ABIDJAN, July 26 (Reuters) - Two teams of United Nations peacekeepers in Ivory Coast have been blocked by local villagers as they tried to reach a town where gunmen attacked security forces over the weekend, a U.N. military source said on Tuesday.
A group of U.N. military observers accompanied by around 50 peacekeepers was blocked on the road to Agboville on Monday by a burning barricade while a second team of soldiers sent to help was stuck in another village, the source said.
"We have a team stuck in Petit Yapo and a team stuck in Gomon. The local population won't allow them through," the source said, referring to villages which lie around 20 km (12 miles) and 35 km (22 miles) south of Agboville.
Unidentified gunmen attacked police and gendarmerie stations in the main city Abidjan and in Agboville on Sunday. Soldiers backed by tanks later regained control of the town, though up to 2,000 prisoners escaped in the chaos.
The United Nations has said it is determined to get to Agboville to see what happened. The U.N. source said a request for help from the Ivorian army had so far been denied but said the teams did not fear for their safety.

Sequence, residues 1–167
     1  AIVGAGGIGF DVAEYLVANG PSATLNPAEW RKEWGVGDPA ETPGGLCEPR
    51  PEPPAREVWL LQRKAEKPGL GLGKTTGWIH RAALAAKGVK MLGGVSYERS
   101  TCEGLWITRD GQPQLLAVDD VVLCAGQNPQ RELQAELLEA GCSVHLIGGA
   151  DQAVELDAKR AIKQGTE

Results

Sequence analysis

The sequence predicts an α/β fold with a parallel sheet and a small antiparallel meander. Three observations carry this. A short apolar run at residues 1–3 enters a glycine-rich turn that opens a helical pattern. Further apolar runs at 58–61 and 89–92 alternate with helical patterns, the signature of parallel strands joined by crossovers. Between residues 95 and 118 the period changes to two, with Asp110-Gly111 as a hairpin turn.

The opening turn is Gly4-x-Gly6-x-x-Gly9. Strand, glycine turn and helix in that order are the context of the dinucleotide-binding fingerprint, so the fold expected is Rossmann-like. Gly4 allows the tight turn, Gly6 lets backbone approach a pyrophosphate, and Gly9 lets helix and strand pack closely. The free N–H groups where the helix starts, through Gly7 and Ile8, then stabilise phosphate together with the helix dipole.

Ivory Coast's ruling party has blamed rebels, who have held the north of the country since a failed coup attempt against President Laurent Gbagbo in 2002, for Sunday's attacks. The rebels have said they have nothing to do with the violence.
The accusations underscored the deep mistrust between the two sides just as a hobbling peace process in the world's top cocoa grower enters a delicate stage, with rebels due to begin registration for a long-delayed disarmament scheme on July 31.
Some 10,000 French and U.N. peacekeepers patrol a buffer zone that splits the rebel north from the government-run south.
The Ivorian army has said at least 17 attackers were killed in Sunday's unrest while more than 30 gunmen were arrested and weapons, ammunition and military uniforms seized. Seven members of the security forces also died.
Agboville, which is in the government-run south of the country, was largely deserted late on Monday as government soldiers armed with rocket launchers patrolled among smashed up cars and went from door to door checking identity papers.
Groups of pro-government Young Patriots armed with machetes and rifles, their faces smeared with charcoal and palm leaves woven around their heads, set up checkpoints around the town. They said they had come out to fight the rebels.
- Reuters - Thomson Reuters Foundation
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